Music | 1950 | Sound | B/W
Part One: Hearing the orchestra.
Set of tests conducted with the orchestra and an array of machines to determine the sounds and noises made by musical instruments. Tuning fork is used to demonstrate vibration of sound waves. Children stand in front or take up position near musical instruments, violin, harp, timpani. Small strips of paper cut in a V shape which have been attached to thin wires are held by the children close to the instruments. Each instrument demonstrates the vibrations particular to that instrument. Cymbal, timpani, drums. Children congregate around conductor. Close ups of each individual instrument and the kettle drum. Visual representation of how the vibration from the kettle drum goes through the skin of the drum. Close up of cello, and demonstration of how vibrations work. Demonstration of how air is used to create musical notes with close up of clarinet. Gong is used to demonstrate how sound waves travel. Gong is enclosed in large plastic dome which is suspended in a vacuum. Without air no sound is transmitted. Shots of orchestra and children dressed in clothing of the 1950's. Power point and plug from the 1950's. Air pressure is returned to normal and vibrations and sound return. Air particles represented with close up of gong and enlarged model of air particles showing how energy is passed from one air particle to the next. Sound waves travel through these air particles at well over 700 M.P.H. Lighting is used to demonstrate this principal. Shot out of window from a bedroom in a normal house during a storm. Camera explores young boys ear using diagrams to show how sound waves make the ear vibrate. Diagram of the middle ear and the ear drum moving the bones which carry the sound vibrations to the right wall of the middle ear, and so to the inner ear behind it making the membrane move. Inner ear is coiled like a shell and is full of liquid. Vibrations hit tiny nerves and set up currents which go to the brain. Unusual use of a mannequin which we see is semi - darkness. We see a set of lights which slow the electrical currents arriving in the head. Summary: moving air particles vibrate in the ear and set off nerve currents which go to the brain enabling us to hear.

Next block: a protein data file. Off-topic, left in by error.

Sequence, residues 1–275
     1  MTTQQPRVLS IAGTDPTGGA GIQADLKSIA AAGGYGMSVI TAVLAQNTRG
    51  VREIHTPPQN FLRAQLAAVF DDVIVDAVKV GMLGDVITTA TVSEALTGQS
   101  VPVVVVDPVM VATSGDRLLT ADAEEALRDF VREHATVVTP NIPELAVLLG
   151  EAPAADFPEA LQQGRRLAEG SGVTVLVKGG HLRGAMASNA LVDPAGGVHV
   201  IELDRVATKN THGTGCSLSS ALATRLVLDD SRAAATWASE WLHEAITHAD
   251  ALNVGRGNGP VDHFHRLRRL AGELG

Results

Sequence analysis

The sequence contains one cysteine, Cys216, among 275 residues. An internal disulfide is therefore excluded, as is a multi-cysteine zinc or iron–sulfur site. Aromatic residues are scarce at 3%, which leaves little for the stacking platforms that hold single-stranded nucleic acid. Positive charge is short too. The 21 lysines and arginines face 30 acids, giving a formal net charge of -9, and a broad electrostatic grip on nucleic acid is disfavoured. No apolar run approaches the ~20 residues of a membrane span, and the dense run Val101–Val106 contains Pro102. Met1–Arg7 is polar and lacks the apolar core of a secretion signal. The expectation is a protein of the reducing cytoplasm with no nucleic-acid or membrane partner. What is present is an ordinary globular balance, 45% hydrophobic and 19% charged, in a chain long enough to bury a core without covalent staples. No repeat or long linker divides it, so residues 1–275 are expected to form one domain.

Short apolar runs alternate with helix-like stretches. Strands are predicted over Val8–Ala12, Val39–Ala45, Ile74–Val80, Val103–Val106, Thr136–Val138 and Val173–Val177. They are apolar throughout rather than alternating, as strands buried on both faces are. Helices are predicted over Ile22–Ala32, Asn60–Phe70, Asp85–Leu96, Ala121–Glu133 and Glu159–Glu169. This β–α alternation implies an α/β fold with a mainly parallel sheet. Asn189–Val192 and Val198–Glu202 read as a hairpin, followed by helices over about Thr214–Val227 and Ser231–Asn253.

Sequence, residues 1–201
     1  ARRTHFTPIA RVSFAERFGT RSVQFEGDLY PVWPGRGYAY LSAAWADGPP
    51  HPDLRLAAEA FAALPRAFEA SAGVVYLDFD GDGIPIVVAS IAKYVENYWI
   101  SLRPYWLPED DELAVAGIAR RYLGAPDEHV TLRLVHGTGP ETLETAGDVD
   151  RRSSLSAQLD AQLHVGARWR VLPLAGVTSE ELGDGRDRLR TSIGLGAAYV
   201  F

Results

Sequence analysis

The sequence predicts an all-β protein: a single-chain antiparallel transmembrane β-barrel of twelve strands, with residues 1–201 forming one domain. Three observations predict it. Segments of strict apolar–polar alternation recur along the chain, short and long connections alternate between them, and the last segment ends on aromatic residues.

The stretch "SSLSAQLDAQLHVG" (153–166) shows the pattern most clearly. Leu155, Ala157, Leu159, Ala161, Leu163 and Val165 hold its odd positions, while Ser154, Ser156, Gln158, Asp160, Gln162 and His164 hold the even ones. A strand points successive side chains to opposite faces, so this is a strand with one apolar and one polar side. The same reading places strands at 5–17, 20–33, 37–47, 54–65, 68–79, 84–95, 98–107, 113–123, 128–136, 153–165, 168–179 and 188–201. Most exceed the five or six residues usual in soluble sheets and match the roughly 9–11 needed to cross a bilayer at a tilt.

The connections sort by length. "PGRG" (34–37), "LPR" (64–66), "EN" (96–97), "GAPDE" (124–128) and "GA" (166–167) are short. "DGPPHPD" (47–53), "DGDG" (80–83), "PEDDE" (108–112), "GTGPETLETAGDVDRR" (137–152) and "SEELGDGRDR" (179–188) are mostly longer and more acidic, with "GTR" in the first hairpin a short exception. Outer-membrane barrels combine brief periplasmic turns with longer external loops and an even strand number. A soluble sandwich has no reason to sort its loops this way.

Part Two: Exploring The Instruments.
Follows on from ideas explained in Part One. How are individual instruments made to vibrate?. Banging makes to and fro vibrations in all the percussion instruments. Shot of percussion players on timpani and xylophone. Bows made of strands of horse hair which grip and release the strings on string instruments continuously making the stings vibrate. Double bass used to demonstrate this principal. Wind swirling over a chimney top is used to show the way air pushes and pulls a block of air inside the chimney, making it vibrate shorter and longer which in turn creates the sounds we hear. Unusual shot of clarinetist playing instrument in overcoat wearing a scarf and trilby hat. Blowing can set a clock of air vibrating. Without a block of air this is not possible. In the remainder of the woodwind instruments there are reeds to set the blocks of air into vibrations. As with the flute, no block of air, no music. Good shot of woodwind instruments being played, e.g. the flute, the clarinet, the bassoon. Brass instruments. Bugle played by young man. All instruments played together briefly. Xylophone. Harp being played. Demonstration of how the length and amount of strings can affect the variety and quality of noises which musical instruments can emit. The flute is played by a young boy to show this. Trombone close up. Also further close ups of other brass instruments. Bugle played by small boy. Full orchestra has a range of pitch of about seven octaves. This is shown on a visual scale on a transparent screen in front of the conductor or presenter. Most instruments play only about three octaves. The harp covers the whole lot, except the very lowest which the double bassoon is required to do, and the very highest which only a piccolo can play. Each individual instrument is played with a series of lights in the background which light up showing the notes this particular instrument can reach. Starting with the clarinet, the flute, the bassoon and piccolo, the trumpet, the wind instruments including trombone. String instruments including the violin, the viola, the double bass. See this section for a wide variety of instruments.
End of Second part.
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